How Long Does it Take from Green Card to U.S. Citizenship?

How Long Does it Take from Green Card to U.S. Citizenship?

To become U.S. citizens, foreigners must first become permanent residents (green card holders). Legal residents can apply for U.S. citizenship, but after five years of being green card holders. For immigrants married to U.S. citizens, from green card to U.S. citizenship will take around three years.

People who received their resident cards based on having received asylum status can apply for naturalization after four years from the date on which they received their resident cards.

There are few requirements the permanent residents need to meet in order to apply for U.S. citizenship. Applicants need to show that they were present in the U.S. for 30 months within the five year period. Likewise, people applying for U.S. citizenship based on their marriage to U.S. citizens, must establish that they were present in the country for 18 months within the three year period.

Extended absences from the country are likely to break the applicant’s continuous residence. In general, a person who seeks to apply for U.S. citizenship, must not have spent more than a year outside the U.S.

People who had stayed abroad for a period of six months need not worry as such brief trips may not break their continuous residence. People who had stayed abroad for more than six months and less than a year, may not be able to apply for U.S. citizenship. But they may be permitted to file their citizenship applications if they establish that they have not broken their continuous residence, by submitting documents that USCIS requires.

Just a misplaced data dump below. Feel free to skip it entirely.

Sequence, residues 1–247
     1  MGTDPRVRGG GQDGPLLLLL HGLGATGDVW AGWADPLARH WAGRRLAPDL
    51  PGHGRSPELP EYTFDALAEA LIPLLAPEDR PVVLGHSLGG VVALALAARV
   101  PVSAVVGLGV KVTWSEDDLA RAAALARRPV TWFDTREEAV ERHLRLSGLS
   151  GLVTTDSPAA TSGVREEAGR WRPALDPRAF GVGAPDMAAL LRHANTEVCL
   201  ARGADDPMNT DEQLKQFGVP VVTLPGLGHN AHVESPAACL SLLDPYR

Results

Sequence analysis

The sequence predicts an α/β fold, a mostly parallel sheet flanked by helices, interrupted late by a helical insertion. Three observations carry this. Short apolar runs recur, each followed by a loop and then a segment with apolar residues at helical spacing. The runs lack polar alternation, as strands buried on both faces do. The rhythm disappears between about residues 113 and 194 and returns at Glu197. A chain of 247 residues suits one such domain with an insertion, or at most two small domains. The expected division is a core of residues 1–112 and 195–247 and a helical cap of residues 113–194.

Those who have been abroad for more than a year and who cannot apply for citizenship, can apply later after they meet the residency requirement. This applies to both those who are applying under the common path to U.S. citizenship and under the three year rule.

Certain applicants are eligible for a reduced period of continuous residence and some applicants may be exempt from the continuous residence requirement. This applies to those who are working abroad for the U.S. government, recognized American Institutions of research, public international organizations and to the contractors of the U.S. government. Such applicants can preserve their continuous residence for naturalization purposes. To do so, they need to file Form N-470, Application to Preserve Residence for Naturalization Purposes.